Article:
Wilco @ the Orpheum Theatre – Boston, MA – April 6
I think Wilco just outdid itself. No, in fact, I’m certain of it. The band’s current tour, dubbed An Evening With Wilco, is one of the boldest and bravest artistic statements the band has made since Yankee Hotel Foxtrot subverted big-wig record moguls at the beginning of the ’00s.
On Tuesday night in Boston, Wilco played just shy of 40 songs during a non-stop three-hour set. Twenty minutes later than anticipated, the band walked on stage as a computer-generated voice announced Wilco’s policies. The band slammed right into Wilco (The Song), bringing the voice back to introduce the band members in response to the chorus of “Wilco”s. The stage was much more decorated than previous Wilco tours, and the elaborate light display was synced to the music. With lights to set the mood of each piece and just a breath between songs to change guitars, Wilco was running an extremely professional tight ship.
The first half-hour included newer songs and the classic I Am Trying To Break Your Heart. The song ended in chaotic noise (not to mention a dizzying light spell), that drifted into frontman Jeff Tweedy’s casual strumming on One Wing, a track from Wilco’s latest self-titled album. Lead guitarist Nels Cline’s lightning strumming during solos garnered the room’s attention and propelled songs such as Impossible Germany. Bassist John Stirratt traded places with Tweedy for the lilting and folksy It’s Just That Simple, a song that showed Wilco’s roots and its softer side.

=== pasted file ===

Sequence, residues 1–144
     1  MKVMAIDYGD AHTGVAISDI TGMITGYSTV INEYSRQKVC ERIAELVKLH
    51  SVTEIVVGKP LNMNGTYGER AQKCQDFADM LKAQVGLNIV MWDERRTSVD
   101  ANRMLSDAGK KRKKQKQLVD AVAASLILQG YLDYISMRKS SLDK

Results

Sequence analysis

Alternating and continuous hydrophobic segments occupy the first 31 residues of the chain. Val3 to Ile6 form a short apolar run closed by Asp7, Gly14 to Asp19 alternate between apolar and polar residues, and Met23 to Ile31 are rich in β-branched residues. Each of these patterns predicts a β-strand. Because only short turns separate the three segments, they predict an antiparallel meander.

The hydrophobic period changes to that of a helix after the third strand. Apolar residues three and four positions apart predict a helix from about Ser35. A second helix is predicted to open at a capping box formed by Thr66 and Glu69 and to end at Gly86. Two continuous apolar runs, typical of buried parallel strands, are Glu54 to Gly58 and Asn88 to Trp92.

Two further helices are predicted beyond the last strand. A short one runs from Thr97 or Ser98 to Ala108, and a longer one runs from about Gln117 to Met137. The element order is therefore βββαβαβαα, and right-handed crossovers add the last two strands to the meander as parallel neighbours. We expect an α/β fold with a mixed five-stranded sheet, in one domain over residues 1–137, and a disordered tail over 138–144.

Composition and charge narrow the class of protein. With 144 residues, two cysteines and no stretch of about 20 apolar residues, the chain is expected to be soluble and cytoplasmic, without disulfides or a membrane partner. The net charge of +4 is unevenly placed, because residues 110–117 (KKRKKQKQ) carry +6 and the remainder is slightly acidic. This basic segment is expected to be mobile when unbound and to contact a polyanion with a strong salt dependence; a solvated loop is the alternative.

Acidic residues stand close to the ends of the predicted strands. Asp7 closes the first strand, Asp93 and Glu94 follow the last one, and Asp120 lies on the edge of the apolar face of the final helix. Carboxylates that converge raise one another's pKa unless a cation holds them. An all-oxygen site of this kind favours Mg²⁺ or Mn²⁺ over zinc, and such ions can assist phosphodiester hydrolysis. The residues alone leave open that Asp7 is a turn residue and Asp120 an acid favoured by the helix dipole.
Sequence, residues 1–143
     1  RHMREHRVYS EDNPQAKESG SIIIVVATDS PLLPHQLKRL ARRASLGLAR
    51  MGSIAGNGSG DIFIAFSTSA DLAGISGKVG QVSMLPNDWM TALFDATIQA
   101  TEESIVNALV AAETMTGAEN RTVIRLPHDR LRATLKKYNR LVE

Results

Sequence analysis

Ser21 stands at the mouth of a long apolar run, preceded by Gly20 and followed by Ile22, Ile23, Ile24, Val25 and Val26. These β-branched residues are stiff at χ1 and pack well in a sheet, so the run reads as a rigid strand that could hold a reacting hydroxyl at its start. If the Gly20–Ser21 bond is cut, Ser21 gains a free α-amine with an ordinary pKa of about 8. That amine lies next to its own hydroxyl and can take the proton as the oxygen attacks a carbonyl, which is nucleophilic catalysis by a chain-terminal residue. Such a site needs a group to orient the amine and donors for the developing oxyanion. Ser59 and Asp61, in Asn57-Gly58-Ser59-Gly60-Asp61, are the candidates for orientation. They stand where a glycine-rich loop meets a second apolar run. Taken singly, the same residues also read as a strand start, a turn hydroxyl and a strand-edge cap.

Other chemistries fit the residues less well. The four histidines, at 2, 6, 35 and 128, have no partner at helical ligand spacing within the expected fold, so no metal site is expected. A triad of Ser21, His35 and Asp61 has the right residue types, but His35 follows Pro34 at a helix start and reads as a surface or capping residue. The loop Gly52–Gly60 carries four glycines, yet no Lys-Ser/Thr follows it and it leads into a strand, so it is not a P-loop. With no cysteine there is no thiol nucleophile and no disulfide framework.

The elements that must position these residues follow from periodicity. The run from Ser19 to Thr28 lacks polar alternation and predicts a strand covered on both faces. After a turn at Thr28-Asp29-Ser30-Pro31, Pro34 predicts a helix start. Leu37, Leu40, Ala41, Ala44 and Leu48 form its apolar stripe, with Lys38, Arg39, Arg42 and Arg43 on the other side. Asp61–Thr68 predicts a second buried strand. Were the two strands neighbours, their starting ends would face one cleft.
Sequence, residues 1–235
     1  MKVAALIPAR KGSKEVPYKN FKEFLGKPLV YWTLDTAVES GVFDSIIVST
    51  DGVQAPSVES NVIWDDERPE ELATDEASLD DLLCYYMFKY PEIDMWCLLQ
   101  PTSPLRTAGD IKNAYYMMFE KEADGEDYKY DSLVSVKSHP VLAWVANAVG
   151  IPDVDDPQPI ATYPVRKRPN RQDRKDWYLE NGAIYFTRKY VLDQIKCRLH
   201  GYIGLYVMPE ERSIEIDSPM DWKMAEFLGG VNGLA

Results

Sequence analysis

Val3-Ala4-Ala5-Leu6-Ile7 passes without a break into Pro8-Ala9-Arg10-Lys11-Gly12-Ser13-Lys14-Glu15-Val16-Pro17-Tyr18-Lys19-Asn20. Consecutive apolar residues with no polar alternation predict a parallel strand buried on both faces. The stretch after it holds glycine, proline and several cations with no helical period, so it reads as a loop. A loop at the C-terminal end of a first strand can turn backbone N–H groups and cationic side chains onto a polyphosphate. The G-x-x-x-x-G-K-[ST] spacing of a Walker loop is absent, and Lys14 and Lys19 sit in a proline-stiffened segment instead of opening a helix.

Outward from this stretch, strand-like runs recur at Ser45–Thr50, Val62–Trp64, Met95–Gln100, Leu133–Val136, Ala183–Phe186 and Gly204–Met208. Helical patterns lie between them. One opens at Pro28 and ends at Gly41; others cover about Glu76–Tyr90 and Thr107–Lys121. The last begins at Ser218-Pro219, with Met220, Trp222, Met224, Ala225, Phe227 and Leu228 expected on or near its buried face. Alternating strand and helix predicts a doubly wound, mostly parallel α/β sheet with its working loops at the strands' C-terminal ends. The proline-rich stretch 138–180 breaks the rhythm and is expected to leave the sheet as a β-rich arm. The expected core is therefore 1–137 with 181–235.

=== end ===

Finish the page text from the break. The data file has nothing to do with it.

READ ON for more of Balaji’s thoughts and photos from Wilco…
If I had to choose a theme to this edition of Last Week’s Sauce, I suppose it would “legends”. Booker T. and Leo Kottke are undoubtedly legends in my mind. And Wilco, well Wilco is one of the premiere bands on the scene right now and they are legends in the making. Galactic? OK probably not, but they do have one of The Neville Brothers playing with them and that helps.
[Thanks to Patrick for this week’s photo]
And we continue to take all the selected tracks, normalize them, create some simple fades and put it into one easy to download MP3 for you. Click here to download Last Week’s Sauce Podcast #5
Leading off this week we’ve got legend Booker T. Jones. There are three songs here and he wrote all of ’em. Well, he co-wrote Born Under A Bad Sign, but Green Onions is all his. The third track is the title-track from his newest album. Booker T. next plays at the San Francisco Jazz Festival on April 23rd.[audio:https://glidemag.wpengine.com/hiddentrack/wp-content/uploads/2010/04/bookersauce.mp3]
Video of Green Onions from the same show:
READ ON for tracks from Galactic, Leo Kottke, and Wilco…
Today is a big day for Rush fans as the band has just announced details of their upcoming Time Machine Tour that hits 40 cities across North America between June 29 & October 2. For these shows, Rush will pay tribute to their past by performing 1980’s Moving Pictures album in its entirety at each show & will give fans a taste of the future by playing a few songs they are currently recording for their new album with producer Nick Raskulinecz.